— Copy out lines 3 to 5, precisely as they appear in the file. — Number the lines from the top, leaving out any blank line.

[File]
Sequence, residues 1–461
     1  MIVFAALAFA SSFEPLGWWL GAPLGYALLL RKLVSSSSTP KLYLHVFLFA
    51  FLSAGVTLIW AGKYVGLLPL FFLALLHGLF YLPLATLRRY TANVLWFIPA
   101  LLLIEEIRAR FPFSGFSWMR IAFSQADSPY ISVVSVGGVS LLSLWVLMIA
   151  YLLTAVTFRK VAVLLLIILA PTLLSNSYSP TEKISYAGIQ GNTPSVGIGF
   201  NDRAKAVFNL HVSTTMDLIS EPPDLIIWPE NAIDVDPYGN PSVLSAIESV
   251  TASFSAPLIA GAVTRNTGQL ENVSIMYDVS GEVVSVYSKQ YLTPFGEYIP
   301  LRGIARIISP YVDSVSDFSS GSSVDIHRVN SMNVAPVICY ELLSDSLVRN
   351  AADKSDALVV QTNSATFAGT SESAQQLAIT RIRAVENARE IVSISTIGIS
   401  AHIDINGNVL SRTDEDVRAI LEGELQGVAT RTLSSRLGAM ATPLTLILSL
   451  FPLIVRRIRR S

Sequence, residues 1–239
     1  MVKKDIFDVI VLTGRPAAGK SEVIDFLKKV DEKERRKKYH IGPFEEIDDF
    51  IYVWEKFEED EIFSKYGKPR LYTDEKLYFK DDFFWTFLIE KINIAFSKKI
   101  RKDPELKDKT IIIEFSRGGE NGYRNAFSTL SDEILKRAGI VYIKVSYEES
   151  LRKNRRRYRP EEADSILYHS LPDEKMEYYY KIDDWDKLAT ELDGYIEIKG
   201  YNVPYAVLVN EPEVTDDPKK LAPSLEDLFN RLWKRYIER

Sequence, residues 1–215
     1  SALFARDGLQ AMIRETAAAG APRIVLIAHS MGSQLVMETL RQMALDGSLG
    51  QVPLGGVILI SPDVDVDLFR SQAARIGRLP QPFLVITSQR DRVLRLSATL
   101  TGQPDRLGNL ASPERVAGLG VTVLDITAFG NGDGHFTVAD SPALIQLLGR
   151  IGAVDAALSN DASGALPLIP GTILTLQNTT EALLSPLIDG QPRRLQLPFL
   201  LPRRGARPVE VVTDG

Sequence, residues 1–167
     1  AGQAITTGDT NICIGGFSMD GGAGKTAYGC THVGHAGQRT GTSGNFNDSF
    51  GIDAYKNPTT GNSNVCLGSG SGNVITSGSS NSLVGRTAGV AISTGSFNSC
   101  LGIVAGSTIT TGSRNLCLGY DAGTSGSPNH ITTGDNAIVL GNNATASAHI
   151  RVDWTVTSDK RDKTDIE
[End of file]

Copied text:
    51  FLSAGVTLIW AGKYVGLLPL FFLALLHGLF YLPLATLRRY TANVLWFIPA
   101  LLLIEEIRAR FPFSGFSWMR IAFSQADSPY ISVVSVGGVS LLSLWVLMIA
   151  YLLTAVTFRK VAVLLLIILA PTLLSNSYSP TEKISYAGIQ GNTPSVGIGF